Kenyan court frees 17 Somali pirates

November 5, 2010 12:00 am

, MOMBASA, Nov  5 – Seventeen Somalis walked free from court on Friday after becoming the first defendants to be acquitted since Kenya signed a deal with Western states to try suspected pirates.

The men were arrested in the Gulf of Aden in a joint operation by US and South Korean navies on May 13, 2009 as they tried to attack an Egyptian vessel, the MV Amira.

"The prosecution has not proved its case against the accused persons beyond reasonable doubt as required by law," said Magistrate Michael Kizito sitting in Mombasa.

"Consequently, I find that the accused persons are not guilty of the offence with which they were charged and acquit them..," added Kizito.
The magistrate did not say whether the suspects would be deported to Somalia.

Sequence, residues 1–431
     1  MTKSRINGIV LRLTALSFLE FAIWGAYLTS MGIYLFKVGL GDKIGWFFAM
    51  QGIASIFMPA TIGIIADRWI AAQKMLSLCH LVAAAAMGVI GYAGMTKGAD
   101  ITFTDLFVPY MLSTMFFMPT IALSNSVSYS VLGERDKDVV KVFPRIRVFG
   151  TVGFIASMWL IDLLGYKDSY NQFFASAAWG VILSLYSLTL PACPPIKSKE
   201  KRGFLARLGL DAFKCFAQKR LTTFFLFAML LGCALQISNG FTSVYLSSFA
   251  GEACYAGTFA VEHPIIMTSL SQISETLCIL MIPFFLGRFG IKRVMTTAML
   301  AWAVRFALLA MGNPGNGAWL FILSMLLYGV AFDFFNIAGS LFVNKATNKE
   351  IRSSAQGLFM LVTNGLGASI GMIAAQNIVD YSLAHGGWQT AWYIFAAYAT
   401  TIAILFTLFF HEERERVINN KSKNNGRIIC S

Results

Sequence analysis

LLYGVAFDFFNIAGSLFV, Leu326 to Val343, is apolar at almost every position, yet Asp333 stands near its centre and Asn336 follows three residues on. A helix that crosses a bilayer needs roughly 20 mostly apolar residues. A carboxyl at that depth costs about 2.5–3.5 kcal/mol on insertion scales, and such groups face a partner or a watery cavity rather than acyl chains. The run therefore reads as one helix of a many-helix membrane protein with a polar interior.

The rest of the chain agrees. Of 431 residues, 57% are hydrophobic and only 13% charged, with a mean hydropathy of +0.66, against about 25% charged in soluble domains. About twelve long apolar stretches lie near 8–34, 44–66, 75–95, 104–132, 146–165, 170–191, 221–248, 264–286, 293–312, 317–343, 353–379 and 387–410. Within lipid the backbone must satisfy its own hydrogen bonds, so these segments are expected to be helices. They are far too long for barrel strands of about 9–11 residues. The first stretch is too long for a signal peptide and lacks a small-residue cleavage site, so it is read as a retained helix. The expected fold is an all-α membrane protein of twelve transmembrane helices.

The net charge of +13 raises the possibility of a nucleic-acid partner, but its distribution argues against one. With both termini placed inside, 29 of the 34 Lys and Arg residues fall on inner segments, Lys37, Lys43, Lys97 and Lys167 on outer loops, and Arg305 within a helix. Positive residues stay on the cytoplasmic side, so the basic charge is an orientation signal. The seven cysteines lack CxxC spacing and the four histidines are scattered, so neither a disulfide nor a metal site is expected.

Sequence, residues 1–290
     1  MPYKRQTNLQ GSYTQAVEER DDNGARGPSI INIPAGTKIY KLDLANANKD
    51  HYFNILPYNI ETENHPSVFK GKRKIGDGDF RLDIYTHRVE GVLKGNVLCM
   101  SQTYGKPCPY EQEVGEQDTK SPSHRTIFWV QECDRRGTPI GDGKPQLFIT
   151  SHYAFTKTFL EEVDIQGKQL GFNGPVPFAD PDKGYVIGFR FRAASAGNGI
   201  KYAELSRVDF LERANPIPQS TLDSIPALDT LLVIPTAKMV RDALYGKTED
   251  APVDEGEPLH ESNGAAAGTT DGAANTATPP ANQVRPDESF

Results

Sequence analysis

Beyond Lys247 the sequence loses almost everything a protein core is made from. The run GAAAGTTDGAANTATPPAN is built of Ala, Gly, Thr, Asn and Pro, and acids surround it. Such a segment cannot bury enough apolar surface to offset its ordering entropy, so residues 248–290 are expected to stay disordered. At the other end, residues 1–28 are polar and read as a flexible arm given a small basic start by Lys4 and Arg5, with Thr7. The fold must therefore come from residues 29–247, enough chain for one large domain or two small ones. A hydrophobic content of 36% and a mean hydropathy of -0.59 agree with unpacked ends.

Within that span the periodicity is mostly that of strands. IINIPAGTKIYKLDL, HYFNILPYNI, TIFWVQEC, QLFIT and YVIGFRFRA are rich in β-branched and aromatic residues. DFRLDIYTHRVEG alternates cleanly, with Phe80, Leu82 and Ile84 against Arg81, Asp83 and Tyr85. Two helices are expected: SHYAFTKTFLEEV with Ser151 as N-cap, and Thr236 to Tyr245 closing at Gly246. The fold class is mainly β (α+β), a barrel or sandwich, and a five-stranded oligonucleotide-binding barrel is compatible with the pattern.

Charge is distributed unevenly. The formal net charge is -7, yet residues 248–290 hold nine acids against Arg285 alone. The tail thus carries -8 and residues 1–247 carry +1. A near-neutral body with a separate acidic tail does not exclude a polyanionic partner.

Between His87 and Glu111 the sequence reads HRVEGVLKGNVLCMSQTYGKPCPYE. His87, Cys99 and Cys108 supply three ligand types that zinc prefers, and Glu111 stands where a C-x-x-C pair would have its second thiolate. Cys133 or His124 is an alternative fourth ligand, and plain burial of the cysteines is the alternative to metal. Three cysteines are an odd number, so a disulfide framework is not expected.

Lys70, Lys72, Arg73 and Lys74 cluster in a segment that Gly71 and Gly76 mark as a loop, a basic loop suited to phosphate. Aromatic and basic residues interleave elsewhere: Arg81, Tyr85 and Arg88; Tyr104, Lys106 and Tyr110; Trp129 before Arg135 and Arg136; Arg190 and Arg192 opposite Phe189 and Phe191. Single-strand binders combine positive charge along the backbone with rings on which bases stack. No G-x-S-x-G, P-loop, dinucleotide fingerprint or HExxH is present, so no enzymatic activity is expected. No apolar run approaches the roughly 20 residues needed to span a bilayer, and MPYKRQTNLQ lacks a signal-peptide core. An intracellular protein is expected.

They denied the charges of attacking the MV Amira and putting the lives of its crew in danger.  The prosecution had brought in nine witnesses.

Some 136 suspected Somali pirates, brought mainly by international navies deployed off Somalia since 2008, are being held in Kenyan prisons and dozens have been sentenced to jail terms.

Nairobi has indicated it was not ready to renew agreements allowing for the trial of Somali pirates captured off Somali by the United States, Britain and some EU countries to be tried in Kenya.

Kenya and the Seychelles are the only coastal countries to have agreed to try suspects handed over by the foreign navies.


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